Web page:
World Thalassaemia Day is celebrated on May 8 every year to raise awareness amongst people concerned with decision and policy making, health care professionals, patients and their families and community at large about thalassaemia.
World Thalassaemia Day 2022 Theme: “Be Aware. Share. Care: Working with the global community as one to improve thalassaemia knowledge.’’
The theme seeks to inspire every individual to contribute, at the personal level, to the fight against thalassaemia and serves as a powerful reminder that everyone has a substantial role to play and a responsibility to act.
Thalassaemia is an inherited blood disorder (passed from parents to children through genes). It results when genes that are responsible for producing haemoglobin are damaged or absent. Haemoglobin is the protein in red blood cells that carries oxygen to the body organs and tissues. Due to damaged or insufficient haemoglobin; a large numbers of red blood cells are destroyed and leads to anemia.
There are two types of thalassaemia: alpha thalassemia and beta thalassemia. Both alpha and beta thalassaemia may be found in two forms-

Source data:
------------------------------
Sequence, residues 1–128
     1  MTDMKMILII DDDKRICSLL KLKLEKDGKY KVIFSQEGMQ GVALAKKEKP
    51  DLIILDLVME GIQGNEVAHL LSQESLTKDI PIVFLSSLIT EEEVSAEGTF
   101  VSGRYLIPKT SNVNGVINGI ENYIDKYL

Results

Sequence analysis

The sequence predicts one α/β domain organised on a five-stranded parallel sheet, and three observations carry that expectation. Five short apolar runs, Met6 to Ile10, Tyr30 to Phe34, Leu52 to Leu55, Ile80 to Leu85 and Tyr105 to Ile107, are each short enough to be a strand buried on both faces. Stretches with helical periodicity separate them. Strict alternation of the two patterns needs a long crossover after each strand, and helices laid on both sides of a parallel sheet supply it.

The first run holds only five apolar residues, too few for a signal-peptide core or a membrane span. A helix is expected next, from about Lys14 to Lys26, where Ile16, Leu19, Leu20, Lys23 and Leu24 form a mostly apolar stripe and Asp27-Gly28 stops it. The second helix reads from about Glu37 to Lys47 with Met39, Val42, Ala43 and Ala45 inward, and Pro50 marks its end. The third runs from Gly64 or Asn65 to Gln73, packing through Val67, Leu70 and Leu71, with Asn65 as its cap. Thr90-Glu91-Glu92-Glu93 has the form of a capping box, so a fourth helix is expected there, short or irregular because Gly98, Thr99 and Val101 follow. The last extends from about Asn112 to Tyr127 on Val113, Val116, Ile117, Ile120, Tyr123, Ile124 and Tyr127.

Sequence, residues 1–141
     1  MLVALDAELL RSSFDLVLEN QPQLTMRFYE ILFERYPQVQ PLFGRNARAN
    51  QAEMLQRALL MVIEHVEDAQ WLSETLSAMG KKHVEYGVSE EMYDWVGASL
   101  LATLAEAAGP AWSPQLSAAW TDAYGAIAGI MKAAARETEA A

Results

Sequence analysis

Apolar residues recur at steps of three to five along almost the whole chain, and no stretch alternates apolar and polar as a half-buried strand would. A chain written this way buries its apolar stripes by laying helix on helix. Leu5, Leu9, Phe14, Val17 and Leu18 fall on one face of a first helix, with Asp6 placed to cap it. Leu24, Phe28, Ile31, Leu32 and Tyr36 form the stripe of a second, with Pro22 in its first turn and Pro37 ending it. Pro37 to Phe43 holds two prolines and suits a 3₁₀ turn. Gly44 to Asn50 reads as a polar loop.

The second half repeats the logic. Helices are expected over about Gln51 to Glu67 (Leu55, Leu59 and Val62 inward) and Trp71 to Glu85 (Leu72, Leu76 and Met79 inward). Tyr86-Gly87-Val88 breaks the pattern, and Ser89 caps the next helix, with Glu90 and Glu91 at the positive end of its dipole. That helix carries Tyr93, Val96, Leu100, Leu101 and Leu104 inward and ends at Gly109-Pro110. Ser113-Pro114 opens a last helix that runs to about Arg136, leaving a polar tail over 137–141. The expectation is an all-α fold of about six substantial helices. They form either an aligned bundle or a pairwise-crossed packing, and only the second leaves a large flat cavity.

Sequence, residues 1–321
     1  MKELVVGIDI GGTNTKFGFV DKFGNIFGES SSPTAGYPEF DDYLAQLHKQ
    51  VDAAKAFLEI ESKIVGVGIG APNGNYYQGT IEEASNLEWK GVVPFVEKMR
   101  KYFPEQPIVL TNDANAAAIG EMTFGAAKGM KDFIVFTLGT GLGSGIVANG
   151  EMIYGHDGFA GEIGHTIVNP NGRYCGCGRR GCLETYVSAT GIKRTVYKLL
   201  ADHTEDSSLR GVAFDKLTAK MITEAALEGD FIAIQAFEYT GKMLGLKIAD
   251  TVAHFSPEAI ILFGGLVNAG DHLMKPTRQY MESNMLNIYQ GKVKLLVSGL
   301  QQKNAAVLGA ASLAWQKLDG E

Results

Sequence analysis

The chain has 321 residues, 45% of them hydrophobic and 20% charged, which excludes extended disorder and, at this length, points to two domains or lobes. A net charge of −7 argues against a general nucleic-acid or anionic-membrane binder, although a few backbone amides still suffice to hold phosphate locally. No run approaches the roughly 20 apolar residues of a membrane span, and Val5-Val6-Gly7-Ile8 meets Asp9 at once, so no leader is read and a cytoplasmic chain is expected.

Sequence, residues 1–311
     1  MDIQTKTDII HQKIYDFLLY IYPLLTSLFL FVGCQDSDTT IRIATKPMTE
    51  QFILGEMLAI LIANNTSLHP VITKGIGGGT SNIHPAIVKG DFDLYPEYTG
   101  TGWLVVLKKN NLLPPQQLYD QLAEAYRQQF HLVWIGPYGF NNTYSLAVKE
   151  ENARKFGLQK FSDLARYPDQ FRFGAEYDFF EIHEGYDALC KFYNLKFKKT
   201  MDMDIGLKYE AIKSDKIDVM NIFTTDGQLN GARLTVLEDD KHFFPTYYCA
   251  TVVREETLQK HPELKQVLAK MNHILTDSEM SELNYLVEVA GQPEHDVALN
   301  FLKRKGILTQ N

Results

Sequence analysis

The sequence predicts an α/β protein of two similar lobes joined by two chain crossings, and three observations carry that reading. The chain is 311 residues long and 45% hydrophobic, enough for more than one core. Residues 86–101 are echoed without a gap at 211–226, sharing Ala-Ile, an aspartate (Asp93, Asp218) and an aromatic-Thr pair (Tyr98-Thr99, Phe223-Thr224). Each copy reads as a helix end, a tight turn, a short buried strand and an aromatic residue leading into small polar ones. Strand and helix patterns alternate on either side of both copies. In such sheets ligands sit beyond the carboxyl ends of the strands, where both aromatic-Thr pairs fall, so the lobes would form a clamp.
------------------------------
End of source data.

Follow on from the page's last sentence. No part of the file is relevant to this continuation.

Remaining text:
- Thalassaemia major: In this type of disease, faulty genes are received from both parents. People with this disease may have severe anaemia, slowed growth and delayed puberty, and problems with the spleen, liver, heart, or bones. Symptoms usually appear during the first two years of life.
- Thalassaemia minor: People with this form of the disorder are carriers of the disease. Most of the time, they do not have symptoms. Thalassaemia minor occurs when faulty genes are received from one parent.
Thalassaemia can be diagnosed by blood tests. It is a treatable disorder that can be managed with blood transfusions and chelation therapy. Some children can be cured by bone marrow transplant.
- Pale or yellowish skin
- Facial bone deformities
- Slow growth
- Abdominal swelling
- Dark urine